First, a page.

Jonah Hill Slammed the Media for "Years of Public Mockery" About His Body
He turned one body-shaming headline into a sweet message for "the kids who don't take their shirt off at the pool."
Jonah Hill is calling out the media for body-shaming after The Daily Mail published paparazzi photos of the actor shirtless while surfing.
On Friday, Hill shared a sweet message for "the kids who don't take their shirt off at the pool" on Instagram alongside a screenshot of the article, which read: "Jonah Hill slips into his black wetsuit for surf day in Malibu…before showing off his tattoos while going shirtless to towel himself off."
"I don't think I ever took my shirt off in a pool until I was in my mid 30s even in front of family and friends," he wrote. "Probably would have happened sooner if my childhood insecurities weren't exacerbated by years of public mockery about my body by press and interviewers. So the idea that the media tries to play me by stalking me while surfing and printing photos like this and it can't phase me anymore is dope."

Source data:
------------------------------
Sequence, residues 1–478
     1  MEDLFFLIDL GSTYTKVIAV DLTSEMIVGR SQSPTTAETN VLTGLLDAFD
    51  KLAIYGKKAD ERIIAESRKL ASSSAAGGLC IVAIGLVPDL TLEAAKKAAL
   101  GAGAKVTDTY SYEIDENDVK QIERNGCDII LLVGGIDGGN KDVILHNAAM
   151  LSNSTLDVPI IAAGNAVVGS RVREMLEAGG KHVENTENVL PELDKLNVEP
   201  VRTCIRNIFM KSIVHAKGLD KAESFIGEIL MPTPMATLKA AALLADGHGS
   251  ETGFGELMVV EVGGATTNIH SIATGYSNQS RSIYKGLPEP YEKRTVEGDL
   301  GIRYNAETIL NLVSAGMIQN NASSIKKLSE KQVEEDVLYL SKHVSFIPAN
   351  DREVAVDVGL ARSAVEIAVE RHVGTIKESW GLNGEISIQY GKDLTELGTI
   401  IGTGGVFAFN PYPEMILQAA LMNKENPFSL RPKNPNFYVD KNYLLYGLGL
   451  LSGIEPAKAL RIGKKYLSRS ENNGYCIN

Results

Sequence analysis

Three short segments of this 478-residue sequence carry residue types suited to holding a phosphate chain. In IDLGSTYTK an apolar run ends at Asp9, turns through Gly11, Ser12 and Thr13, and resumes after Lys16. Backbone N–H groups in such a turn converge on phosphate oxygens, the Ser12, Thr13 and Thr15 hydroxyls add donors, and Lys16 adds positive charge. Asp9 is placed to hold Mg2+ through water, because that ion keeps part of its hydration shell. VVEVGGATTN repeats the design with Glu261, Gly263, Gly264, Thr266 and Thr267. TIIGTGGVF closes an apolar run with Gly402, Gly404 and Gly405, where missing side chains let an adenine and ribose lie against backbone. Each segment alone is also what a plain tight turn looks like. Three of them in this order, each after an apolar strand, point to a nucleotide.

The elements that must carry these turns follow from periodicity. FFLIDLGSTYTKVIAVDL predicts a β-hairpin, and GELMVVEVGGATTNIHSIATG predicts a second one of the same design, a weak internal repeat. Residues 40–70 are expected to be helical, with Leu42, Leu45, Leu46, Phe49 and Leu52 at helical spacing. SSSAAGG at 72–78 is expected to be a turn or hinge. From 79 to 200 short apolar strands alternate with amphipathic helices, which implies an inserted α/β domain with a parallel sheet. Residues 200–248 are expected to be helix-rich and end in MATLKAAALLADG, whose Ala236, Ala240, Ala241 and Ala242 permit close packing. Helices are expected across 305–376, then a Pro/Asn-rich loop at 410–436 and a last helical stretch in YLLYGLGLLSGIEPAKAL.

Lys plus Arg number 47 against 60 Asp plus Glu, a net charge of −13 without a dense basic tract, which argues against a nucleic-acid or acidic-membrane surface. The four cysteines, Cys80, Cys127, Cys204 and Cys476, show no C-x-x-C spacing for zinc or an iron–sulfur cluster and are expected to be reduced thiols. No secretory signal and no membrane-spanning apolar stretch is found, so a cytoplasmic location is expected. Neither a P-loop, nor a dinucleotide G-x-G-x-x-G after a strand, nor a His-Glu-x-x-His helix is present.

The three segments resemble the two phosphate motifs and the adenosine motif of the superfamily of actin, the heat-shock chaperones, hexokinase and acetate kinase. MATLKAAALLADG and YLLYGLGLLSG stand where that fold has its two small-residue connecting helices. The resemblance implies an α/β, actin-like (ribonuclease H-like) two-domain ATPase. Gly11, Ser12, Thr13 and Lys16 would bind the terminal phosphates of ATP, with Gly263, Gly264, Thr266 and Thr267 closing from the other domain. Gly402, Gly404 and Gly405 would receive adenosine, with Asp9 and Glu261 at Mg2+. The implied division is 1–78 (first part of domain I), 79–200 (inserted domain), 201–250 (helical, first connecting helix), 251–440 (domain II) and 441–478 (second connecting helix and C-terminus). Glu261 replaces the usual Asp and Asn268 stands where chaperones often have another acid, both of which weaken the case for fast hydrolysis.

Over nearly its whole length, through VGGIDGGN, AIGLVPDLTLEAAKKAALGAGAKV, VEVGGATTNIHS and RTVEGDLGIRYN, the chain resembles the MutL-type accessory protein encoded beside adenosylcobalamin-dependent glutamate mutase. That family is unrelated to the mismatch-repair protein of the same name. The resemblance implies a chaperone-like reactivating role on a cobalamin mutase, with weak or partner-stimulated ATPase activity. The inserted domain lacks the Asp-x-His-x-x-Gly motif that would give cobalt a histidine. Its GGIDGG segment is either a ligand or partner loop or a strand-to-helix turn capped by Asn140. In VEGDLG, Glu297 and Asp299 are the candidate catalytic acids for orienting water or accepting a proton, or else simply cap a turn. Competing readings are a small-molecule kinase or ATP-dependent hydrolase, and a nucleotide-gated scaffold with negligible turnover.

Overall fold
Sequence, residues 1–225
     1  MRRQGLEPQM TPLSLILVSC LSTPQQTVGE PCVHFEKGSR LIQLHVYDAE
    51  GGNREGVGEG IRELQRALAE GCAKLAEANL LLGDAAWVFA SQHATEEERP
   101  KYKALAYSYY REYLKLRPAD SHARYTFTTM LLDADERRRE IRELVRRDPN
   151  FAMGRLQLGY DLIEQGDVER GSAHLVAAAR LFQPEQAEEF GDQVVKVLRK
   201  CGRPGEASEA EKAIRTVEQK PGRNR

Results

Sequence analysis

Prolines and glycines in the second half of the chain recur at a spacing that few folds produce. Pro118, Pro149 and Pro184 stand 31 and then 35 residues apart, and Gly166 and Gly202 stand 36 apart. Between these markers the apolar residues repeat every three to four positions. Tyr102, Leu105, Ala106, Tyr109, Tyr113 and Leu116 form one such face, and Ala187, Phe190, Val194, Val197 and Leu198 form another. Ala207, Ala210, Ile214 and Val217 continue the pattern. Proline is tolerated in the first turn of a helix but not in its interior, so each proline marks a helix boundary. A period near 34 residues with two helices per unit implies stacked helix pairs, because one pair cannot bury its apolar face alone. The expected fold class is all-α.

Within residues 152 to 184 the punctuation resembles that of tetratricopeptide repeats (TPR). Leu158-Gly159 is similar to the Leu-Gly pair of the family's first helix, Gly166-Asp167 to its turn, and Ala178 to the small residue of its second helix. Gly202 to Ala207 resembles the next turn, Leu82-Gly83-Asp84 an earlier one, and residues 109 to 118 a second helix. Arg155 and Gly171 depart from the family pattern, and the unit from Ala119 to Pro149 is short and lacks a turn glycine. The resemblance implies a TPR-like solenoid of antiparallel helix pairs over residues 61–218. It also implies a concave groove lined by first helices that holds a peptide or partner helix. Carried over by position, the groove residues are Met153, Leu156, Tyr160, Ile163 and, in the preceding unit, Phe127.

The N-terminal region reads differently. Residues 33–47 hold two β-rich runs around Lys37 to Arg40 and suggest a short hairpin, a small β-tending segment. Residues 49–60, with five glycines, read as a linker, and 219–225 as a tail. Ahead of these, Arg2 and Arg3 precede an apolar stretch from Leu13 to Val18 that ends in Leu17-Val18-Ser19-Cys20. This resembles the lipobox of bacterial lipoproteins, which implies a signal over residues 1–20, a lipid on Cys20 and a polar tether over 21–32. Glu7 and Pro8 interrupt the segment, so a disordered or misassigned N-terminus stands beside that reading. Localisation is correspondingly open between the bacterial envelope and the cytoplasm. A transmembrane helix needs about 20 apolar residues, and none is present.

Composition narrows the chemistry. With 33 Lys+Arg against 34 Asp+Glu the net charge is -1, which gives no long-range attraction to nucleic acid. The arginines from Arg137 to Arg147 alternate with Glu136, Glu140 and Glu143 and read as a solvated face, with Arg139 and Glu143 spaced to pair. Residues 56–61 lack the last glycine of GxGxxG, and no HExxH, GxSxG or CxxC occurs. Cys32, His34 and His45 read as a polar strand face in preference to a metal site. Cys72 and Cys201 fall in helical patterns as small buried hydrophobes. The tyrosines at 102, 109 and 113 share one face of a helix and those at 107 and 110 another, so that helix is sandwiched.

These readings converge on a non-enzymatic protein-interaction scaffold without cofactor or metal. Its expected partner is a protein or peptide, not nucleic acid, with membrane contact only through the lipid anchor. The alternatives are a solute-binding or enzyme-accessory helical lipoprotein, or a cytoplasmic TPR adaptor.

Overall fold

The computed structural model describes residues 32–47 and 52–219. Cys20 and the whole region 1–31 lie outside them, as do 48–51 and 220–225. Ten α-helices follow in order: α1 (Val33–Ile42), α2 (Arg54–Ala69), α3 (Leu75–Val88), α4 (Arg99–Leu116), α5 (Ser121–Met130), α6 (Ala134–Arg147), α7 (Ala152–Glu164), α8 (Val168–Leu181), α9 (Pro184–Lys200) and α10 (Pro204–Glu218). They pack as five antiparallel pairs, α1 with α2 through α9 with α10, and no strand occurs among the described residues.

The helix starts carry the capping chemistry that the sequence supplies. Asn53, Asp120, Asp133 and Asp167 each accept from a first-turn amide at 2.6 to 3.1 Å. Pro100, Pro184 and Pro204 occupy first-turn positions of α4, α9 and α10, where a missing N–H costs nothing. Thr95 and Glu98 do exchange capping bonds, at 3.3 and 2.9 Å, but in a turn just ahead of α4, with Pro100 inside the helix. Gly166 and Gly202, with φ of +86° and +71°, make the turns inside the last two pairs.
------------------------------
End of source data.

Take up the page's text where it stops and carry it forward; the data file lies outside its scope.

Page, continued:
He added, "I'm 37 and finally love and accept myself."
Hill went on to reveal that the intention of his post isn't for people to "feel bad" for him, but rather to empower kids who also struggle with body confidence. "This isn't a 'good for me' post. And it's definitely not a 'feel bad for me post.' It's for the the kids who don't take their shirt off at the pool. Have fun. You're wonderful and awesome and perfect," he wrote. "All my love. Oh and Daily Mail, not even you can take that smile from my face ;)" Instantly, Jonah was applauded for his candor in the comments section.
"Your the man," said Diplo. Justin Timberlake added, "You are a G!!! And my spirit animal! Love you, bro!" Meanwhile, Judd Apatow joked about his own insecurities, writing: "When I take my shirt off at the beach it looks like I am still wearing a shirt…or sweater. Now I will show it off with pride!"
Last year, Jonah spoke out about how he had a difficult time finding clothes that not only fit, but also allowed him to be his "true self."
"I always had an interest in personal style and fashion, but I was always a bigger guy," he said in an interview with GQ for his new Adidas collection. "It's really hard when you're overweight to dress a certain way, because clothes aren't made for people who are overweight to have style."